. PRO FOOTBALLPRO FOOTBALL; Lewis's Friends Acquitted
Published: June 13, 2000
ATLANTA, June 12— Two friends and former co-defendants of the football player Ray Lewis were acquitted of murder and assault charges today in the stabbings of two men after a post-Super Bowl party.
The jury deliberated less than five hours before returning the verdicts in the trial of Joseph Sweeting and Reginald Oakley.
The verdicts came just hours after Lewis practiced with the Baltimore Ravens for the first time since pleading guilty to a misdemeanor charge and testifying for the prosecution in the murder case.
Oakley hugged his lawyer, Bruce Harvey, who pumped his fist in exuberance when the verdicts were announced. Sweeting leaned over and put his head on the defense table.
Sweeting, Oakley and Lewis were charged with murder, felony murder and aggravated assault in the Jan. 31 deaths of Jacinth Baker and Richard Lollar, who were stabbed outside the party in Atlanta's Buckhead district.
Lewis, a linebacker who was the National Football League's top tackler last season, reached a plea agreement with District Attorney Paul Howard last week. He pleaded guilty to a misdemeanor obstruction-of-justice charge, testified against Oakley and Sweeting, and will serve a year of probation, but no jail time.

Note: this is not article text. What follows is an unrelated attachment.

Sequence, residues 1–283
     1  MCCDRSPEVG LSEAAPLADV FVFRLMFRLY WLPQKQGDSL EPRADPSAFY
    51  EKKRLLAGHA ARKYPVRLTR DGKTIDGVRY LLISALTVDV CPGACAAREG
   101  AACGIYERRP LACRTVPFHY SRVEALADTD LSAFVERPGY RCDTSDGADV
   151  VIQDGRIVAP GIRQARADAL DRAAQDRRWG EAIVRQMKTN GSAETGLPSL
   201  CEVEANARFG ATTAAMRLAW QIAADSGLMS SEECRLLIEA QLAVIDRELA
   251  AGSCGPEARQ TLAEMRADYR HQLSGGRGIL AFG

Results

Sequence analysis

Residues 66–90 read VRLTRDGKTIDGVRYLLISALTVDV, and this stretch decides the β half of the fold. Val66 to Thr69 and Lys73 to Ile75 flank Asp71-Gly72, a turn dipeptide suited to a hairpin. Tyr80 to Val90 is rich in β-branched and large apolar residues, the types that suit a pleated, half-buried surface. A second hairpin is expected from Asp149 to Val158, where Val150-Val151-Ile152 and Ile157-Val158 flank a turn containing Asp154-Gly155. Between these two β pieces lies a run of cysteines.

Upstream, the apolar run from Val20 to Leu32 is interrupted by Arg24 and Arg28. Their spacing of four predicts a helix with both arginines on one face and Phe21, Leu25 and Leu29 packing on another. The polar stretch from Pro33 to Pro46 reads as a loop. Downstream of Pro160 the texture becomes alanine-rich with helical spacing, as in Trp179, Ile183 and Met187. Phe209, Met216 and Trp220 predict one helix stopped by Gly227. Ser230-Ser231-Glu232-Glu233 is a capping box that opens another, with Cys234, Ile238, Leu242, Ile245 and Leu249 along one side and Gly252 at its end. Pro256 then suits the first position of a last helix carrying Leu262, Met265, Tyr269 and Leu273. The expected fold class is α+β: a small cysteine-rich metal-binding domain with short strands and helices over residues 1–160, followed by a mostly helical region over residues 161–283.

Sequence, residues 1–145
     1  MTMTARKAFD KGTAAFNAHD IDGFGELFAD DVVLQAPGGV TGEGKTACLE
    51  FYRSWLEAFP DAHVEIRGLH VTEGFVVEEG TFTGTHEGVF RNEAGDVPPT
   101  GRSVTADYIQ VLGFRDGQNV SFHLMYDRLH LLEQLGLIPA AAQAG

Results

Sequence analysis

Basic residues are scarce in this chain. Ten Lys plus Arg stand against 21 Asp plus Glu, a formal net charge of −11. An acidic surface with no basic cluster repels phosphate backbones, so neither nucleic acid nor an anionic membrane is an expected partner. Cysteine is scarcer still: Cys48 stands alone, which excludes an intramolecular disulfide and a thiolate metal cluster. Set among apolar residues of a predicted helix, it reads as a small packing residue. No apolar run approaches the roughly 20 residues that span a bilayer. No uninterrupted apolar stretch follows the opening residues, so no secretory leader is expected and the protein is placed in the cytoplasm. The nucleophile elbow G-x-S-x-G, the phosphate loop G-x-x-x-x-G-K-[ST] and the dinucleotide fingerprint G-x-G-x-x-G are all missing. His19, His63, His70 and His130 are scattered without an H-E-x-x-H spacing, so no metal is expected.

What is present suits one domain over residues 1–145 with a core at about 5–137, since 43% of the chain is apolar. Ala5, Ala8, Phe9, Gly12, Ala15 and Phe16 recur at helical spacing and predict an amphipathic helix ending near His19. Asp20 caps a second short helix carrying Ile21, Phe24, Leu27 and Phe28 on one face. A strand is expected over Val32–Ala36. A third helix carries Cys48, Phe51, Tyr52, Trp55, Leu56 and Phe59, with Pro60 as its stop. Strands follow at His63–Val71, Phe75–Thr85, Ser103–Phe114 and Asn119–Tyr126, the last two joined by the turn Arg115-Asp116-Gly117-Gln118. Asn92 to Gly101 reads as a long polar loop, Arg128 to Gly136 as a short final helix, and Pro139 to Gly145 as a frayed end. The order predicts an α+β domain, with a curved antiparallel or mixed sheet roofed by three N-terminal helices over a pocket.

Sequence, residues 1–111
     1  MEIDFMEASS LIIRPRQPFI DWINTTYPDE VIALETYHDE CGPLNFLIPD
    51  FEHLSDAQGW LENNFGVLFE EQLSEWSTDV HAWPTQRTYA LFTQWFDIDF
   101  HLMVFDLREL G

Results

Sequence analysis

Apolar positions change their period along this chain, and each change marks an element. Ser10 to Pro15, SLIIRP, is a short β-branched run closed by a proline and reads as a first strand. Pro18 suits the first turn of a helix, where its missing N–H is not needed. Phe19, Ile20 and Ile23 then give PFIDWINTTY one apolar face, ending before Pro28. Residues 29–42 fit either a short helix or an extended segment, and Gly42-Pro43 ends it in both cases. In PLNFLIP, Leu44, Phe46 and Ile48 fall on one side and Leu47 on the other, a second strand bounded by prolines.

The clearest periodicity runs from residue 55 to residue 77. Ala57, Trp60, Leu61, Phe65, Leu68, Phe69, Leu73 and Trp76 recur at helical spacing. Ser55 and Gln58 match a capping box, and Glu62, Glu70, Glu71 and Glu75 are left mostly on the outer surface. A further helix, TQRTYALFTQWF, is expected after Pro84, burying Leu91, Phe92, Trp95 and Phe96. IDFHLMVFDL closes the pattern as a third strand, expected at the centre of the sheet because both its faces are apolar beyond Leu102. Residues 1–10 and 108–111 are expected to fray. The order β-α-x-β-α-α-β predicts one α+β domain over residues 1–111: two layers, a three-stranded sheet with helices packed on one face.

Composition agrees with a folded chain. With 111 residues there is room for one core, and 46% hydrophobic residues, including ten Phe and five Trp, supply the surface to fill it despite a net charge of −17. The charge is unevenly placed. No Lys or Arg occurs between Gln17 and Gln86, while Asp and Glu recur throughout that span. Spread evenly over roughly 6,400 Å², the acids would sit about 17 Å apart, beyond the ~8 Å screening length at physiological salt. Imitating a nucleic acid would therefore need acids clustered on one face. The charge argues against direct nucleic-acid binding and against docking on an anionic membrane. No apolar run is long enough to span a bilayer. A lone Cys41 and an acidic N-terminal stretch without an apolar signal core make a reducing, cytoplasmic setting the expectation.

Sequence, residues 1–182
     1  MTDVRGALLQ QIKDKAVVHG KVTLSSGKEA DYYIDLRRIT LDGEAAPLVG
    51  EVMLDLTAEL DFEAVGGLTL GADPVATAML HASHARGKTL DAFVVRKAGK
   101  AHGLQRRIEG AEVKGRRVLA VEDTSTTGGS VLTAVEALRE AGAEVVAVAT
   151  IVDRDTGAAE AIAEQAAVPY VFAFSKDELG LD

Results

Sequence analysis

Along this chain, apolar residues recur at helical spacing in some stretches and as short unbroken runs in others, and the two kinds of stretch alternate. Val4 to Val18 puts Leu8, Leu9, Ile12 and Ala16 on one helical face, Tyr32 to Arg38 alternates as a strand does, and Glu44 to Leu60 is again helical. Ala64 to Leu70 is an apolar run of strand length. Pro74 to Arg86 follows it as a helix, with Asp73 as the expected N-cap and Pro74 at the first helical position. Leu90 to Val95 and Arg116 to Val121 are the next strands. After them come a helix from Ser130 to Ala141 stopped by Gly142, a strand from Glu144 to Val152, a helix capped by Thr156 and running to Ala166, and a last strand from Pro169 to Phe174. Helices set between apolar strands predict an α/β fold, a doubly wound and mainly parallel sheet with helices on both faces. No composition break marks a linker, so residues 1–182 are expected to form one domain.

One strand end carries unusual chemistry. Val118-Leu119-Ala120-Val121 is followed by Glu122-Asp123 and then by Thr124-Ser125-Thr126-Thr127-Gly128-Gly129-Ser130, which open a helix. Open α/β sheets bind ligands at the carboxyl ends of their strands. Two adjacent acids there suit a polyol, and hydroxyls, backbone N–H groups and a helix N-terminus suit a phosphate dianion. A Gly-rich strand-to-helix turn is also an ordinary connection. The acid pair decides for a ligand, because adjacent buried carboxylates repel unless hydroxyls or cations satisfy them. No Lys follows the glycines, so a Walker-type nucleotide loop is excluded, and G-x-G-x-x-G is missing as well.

The Ravens' minicamp in Owings Mills, Md., was finished by the time the verdicts came down, and Lewis was unavailable for comment. The Ravens said they would have no comment on the acquittals.
Sweeting, a longtime friend of Lewis's from Miami, was charged with Lollar's death. Oakley, an acquaintance of Lewis's from Baltimore, was charged with Baker's death.
Both faced life in prison if convicted, but the jury found them innocent on all counts.
''We are deeply, deeply disappointed in the verdict,'' Howard said.
Baker and Lollar were stabbed during a street fight that erupted around 4 a.m. as the nightclubs in the Buckhead district were closing after the Super Bowl, which was held in Atlanta.
In closing arguments, the district attorney conceded that no witness saw Sweeting or Oakley stab anyone. Instead, Howard insisted there was enough circumstantial evidence to warrant a murder conviction.
Howard plans to review the case and may bring charges against other people who were in Lewis's limousine. But those are not likely to be murder charges